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What happens when law enforcement stands down?

History has shown that American citizens will eventually stand up to protect themselves

Law Dogs Bob Paul 1.jpg

Sheriff Bob Paul became a force for good against evil.

Photo courtesy of John Bossenecker and True West Magazine

Historically, whenever the criminal justice system is ineffectual by circumstance or design during violent times, members of the public have taken action. However, when a member or members out of a perceived necessity take it upon themselves to administrate justice to violent criminals, it has often been imperfect and violent.

Here are a few historical examples of what happens in a vacuum created where effective law enforcement is absent.

Californian Gold Rush

When gold was found in California, the territory was suddenly inundated by thousands of settlers. Many, who were hoping for a better life, found a grave instead at the hands of criminals, who would kill a man for his gold, a mule or even for a few bucks.

Due to the absence of agents for law and order, settlers took the law into their own hands. From 1849 to 1853, Californians hung at least 200 extra-judicially as punishment for dastardly deeds. Many of them committed the crimes they were hung for, but some were probably innocent and caught up in the passions of mob action.

This rough justice ended only begrudgingly after indomitable and principled lawmen like the immortal sheriffs Bob Paul and John Coffee Hayes filled the vacuum and pinned on badges to become forces for good against evil.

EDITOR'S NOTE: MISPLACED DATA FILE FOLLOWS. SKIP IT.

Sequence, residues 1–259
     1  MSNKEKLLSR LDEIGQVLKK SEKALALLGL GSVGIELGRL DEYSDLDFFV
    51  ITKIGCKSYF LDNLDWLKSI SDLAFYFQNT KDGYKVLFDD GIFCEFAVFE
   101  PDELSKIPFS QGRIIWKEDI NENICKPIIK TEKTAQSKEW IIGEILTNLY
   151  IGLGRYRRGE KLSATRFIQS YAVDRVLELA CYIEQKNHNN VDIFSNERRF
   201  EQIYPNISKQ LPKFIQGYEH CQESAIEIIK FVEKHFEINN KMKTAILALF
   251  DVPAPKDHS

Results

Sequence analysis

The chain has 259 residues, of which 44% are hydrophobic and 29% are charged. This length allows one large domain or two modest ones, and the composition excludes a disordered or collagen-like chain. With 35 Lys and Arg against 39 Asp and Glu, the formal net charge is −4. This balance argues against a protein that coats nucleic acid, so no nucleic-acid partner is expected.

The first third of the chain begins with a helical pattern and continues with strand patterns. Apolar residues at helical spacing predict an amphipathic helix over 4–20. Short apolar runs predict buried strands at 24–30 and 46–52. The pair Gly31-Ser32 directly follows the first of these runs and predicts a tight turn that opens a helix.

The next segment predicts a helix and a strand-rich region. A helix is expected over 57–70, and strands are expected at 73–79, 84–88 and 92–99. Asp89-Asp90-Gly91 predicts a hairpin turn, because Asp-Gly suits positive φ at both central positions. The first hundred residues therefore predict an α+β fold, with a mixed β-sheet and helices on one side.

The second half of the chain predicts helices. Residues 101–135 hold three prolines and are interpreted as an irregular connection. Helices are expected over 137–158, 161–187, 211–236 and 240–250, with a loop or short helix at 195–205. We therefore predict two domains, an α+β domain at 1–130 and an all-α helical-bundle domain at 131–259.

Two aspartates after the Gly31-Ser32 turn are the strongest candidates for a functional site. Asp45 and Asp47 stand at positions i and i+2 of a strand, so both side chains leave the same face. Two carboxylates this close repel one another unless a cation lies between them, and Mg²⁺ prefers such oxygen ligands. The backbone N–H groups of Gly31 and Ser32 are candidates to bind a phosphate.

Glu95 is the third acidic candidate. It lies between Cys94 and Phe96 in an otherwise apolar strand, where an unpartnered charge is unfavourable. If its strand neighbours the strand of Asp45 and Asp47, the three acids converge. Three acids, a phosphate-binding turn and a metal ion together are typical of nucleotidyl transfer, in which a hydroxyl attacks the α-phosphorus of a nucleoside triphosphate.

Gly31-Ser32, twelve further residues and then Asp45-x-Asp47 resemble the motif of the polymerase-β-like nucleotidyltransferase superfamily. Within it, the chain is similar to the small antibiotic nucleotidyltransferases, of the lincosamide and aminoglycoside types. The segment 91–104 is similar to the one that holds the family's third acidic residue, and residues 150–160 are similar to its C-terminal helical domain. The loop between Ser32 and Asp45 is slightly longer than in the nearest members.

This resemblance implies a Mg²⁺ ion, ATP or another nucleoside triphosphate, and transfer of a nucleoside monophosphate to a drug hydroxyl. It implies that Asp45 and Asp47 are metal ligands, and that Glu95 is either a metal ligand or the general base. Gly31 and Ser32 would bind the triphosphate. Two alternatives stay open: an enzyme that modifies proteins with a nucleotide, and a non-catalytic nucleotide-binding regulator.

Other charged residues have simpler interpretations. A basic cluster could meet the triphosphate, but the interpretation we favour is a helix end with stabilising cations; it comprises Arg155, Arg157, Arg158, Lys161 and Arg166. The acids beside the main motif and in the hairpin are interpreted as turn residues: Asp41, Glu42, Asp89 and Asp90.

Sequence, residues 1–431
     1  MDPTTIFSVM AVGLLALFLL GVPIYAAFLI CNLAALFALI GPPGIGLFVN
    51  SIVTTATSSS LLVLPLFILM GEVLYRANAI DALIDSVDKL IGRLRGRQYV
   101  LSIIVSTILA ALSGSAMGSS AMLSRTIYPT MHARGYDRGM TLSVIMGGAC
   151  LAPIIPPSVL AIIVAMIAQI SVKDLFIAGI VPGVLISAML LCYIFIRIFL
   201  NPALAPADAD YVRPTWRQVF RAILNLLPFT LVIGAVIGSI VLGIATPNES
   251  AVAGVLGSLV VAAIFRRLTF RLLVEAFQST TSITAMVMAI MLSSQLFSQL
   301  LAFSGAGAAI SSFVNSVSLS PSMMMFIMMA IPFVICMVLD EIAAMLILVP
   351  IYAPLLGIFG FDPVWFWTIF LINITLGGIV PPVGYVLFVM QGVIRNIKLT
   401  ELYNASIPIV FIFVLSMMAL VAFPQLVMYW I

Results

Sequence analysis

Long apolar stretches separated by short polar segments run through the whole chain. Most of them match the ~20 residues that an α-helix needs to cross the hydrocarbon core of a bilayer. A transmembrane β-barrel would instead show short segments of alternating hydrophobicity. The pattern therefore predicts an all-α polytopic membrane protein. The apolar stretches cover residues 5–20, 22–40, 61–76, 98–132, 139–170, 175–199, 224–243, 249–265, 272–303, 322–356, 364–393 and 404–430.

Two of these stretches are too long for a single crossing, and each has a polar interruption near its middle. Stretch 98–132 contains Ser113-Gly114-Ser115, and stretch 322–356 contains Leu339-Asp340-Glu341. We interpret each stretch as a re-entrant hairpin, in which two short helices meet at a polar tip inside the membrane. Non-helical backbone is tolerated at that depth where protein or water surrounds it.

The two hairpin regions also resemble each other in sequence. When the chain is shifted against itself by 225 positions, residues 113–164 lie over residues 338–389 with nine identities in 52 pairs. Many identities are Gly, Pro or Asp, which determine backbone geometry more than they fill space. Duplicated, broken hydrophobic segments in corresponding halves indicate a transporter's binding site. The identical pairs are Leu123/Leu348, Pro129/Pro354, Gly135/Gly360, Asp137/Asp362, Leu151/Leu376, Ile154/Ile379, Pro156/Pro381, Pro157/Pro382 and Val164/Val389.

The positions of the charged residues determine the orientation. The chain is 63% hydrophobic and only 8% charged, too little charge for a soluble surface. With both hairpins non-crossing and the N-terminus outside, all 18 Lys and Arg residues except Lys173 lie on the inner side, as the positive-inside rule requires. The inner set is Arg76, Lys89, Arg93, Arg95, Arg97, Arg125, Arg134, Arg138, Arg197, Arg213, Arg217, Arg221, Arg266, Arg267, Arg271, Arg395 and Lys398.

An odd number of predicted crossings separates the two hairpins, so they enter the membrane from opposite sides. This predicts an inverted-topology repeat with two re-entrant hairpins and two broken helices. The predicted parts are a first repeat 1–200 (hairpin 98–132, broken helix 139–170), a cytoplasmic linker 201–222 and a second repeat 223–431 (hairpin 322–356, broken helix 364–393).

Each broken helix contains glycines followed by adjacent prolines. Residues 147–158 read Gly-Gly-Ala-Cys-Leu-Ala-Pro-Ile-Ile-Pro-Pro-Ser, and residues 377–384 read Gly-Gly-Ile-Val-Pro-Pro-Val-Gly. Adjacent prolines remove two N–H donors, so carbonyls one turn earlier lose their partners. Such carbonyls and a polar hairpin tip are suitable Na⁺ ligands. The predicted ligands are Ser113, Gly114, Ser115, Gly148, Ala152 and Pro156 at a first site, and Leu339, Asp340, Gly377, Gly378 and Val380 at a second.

[RELATED: Police History: The story of John Coffee Hays, Texas Ranger]

“The Cowboys” of Arizona Territory

In the 1880s, a loosely connected criminal gang called “The Cowboys” formed. They were rustlers, robbers, killers and bully-boys. They committed crimes in Arizona, Texas, New Mexico, as well as across the border in Old Mexico. When lawmen captured one of their number for crimes, other “Cowboys” would provide an alibi in the form of perjured testimony, making conviction for their crimes impossible. The “Cowboys” seemed out of reach of the law.

The most famous clash between the “Cowboys” and law enforcement occurred in Tombstone, Arizona, in 1881, when four “Cowboys met their maker in a stand-up gunfight facing Wyatt, Morgan and Virgil Earp, along with their friend “Doc” Holliday.

Later in retaliation, other “Cowboys” ambushed and gravely wounded Tombstone lawman, Virgil Earp. Deputy U.S. Marshal Wyatt Earp brought a culprit before the court for adjudication. However, the “Cowboys” once again gave perjured testimony and the bushwhacker walked.

Judge Stillwell, who heard the case, told Wyatt after the failed legal prosecution: “Wyatt, you’ll never clean up this crowd this way; next time you’d better leave your prisoners in the brush where alibis don’t count.”

Wyatt took these words to heart after witnessing his brother, Morgan, shot in the back from ambush while he was playing a friendly game of pool. After sending his brother’s body to California to be buried, Wyatt set off on a “Vendetta Ride” and personally killed at least three of the “Cowboys” responsible for his brother’s death. And as Judge Stillwell advised, he just left them lying “in the brush.”

Earp fled the state before his work was done because a warrant for murder was issued for his arrest in the extra-judicial killings.

[RELATED: Police history: The Earps of Tombstone]


After Wyatt Earp left the state, the lawless “Cochise County Cowboys” continued their crimes and depredations. On December 8, 1883, six “Cowboys” rode into Bisbee and robbed a general store, which also served as a bank. During the raid, the cowboys unnecessarily shot dead four people, who included one lawman, known for refusing to carry a gun, and a woman expecting a baby, named Annie Roberts.

“Cowboy” John Heath was arrested for planning the raid. As he was being held in the jail in Tombstone, a group of citizens from Bisbee, certain the “Cowboy” would not be punished, rode into Tombstone, calmly removed Heath from the jail and hung him from the crossbar of a telegraph pole on “Toughnut Street.”